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DirkSteele last won the day on August 4

DirkSteele had the most liked content!

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About DirkSteele

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    Brown Dwarf

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    Astronomy has been a part of my life since I was 3 years old, so I have been looking up for about 30 years, and using telescopes for about 25 years. My education followed a similar path and I left University having studied Physics and Astrophysics at both Undergrad and Masters level. I was also a founder member of the University Astronomy society and held the position of president in my last year of undergrad and continued on as treasurer in my masters year. My interest now is primarily visual astronomy.

    I currently own 7 telescopes, and the list clearly shows that I am a refractor man. The pride and joy of the collection is a 7" Triplet Apo (f/7) from APM in Germany, as well as 2 smaller Triplets (TMB 115 f/7 and the APM TMB 105 f/6.2 which is my primary travel scope). I also own three ultra portable Takahashi fluorite doublet Apos, the FS-60 CB & FS-60Q,as well as the FC-76 for those times when the 105 is a bit too large to take with me. Rounding out the collection is my oldest scope, the Celestron Nexstar 11 GPS.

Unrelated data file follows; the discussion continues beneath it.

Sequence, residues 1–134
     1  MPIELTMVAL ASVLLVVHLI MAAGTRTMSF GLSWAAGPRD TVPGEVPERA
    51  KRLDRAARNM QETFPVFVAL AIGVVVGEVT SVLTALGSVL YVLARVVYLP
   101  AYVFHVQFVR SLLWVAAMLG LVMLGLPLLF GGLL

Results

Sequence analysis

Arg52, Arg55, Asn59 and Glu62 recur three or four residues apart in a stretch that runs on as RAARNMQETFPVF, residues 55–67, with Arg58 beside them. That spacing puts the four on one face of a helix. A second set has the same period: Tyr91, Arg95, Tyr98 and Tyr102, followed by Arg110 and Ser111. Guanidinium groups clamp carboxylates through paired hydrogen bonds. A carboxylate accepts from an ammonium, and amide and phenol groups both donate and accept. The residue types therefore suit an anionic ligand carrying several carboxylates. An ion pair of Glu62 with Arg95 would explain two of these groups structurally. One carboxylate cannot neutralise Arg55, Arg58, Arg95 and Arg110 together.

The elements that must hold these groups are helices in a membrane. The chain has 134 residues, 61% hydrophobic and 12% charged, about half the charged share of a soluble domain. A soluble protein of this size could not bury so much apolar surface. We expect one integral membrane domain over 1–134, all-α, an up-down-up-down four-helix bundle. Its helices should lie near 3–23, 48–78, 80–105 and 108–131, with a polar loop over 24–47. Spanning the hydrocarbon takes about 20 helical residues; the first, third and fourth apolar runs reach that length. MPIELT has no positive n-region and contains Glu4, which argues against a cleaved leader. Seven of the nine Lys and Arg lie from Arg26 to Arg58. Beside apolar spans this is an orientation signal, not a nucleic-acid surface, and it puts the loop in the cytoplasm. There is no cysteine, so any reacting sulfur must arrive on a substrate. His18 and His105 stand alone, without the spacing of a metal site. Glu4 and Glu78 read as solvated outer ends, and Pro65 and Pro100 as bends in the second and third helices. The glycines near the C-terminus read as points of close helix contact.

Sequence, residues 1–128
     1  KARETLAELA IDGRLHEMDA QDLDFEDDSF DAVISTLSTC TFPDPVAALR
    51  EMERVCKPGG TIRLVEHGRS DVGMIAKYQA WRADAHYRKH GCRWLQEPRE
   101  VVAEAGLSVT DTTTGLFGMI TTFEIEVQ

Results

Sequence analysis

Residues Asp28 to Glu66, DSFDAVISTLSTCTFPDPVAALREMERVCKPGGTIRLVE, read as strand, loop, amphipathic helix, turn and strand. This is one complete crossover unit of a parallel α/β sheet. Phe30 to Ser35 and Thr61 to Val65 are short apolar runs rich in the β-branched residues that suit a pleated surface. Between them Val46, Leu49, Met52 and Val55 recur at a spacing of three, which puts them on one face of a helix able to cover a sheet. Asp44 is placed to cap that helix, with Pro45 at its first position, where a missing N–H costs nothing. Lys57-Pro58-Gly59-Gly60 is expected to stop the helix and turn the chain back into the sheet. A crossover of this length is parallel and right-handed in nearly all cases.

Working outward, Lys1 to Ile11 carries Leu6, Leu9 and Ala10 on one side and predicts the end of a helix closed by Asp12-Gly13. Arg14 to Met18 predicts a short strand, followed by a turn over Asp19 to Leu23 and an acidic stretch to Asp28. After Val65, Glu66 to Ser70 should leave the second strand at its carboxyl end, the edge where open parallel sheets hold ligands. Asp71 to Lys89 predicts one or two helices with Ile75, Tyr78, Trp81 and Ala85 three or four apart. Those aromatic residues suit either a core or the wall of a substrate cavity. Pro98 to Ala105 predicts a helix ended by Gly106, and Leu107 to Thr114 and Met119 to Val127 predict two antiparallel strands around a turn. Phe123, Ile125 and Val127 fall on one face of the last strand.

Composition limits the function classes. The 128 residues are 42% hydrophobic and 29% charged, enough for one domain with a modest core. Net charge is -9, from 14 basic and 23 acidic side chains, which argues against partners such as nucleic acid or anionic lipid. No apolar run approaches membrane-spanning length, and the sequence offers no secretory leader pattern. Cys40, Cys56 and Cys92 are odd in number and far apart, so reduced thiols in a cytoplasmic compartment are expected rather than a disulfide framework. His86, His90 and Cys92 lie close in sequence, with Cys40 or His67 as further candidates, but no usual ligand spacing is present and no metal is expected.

As well as writing reviews and other astro-related content for my own site, Alpha-Lyrae.co.uk, I have also begun contributing content to Astronomy Now magazine, with my first equipment review appearing in January 2018 issue.

    I love to cook (and eat!), and also collect retro video games, though prices recently have gone through the roof, so that has taken a bit of a back seat.
  • Location
    London, UK